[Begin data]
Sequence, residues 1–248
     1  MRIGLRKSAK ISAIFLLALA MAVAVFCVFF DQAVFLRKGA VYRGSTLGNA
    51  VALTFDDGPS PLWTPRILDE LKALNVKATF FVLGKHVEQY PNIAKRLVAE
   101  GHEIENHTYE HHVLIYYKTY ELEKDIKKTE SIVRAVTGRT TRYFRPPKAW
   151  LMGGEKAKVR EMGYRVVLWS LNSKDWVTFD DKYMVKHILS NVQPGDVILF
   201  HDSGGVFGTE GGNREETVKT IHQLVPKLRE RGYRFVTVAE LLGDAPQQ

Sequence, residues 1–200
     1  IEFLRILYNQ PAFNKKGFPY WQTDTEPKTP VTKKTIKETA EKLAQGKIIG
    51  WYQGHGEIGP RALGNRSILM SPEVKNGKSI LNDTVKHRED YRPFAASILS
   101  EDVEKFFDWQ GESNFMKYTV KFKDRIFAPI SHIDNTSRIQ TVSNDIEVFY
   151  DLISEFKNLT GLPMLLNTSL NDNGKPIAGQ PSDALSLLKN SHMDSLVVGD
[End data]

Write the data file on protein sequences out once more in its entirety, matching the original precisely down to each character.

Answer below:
Sequence, residues 1–248
     1  MRIGLRKSAK ISAIFLLALA MAVAVFCVFF DQAVFLRKGA VYRGSTLGNA
    51  VALTFDDGPS PLWTPRILDE LKALNVKATF FVLGKHVEQY PNIAKRLVAE
   101  GHEIENHTYE HHVLIYYKTY ELEKDIKKTE SIVRAVTGRT TRYFRPPKAW
   151  LMGGEKAKVR EMGYRVVLWS LNSKDWVTFD DKYMVKHILS NVQPGDVILF
   201  HDSGGVFGTE GGNREETVKT IHQLVPKLRE RGYRFVTVAE LLGDAPQQ

Sequence, residues 1–200
     1  IEFLRILYNQ PAFNKKGFPY WQTDTEPKTP VTKKTIKETA EKLAQGKIIG
    51  WYQGHGEIGP RALGNRSILM SPEVKNGKSI LNDTVKHRED YRPFAASILS
   101  EDVEKFFDWQ GESNFMKYTV KFKDRIFAPI SHIDNTSRIQ TVSNDIEVFY
   151  DLISEFKNLT GLPMLLNTSL NDNGKPIAGQ PSDALSLLKN SHMDSLVVGD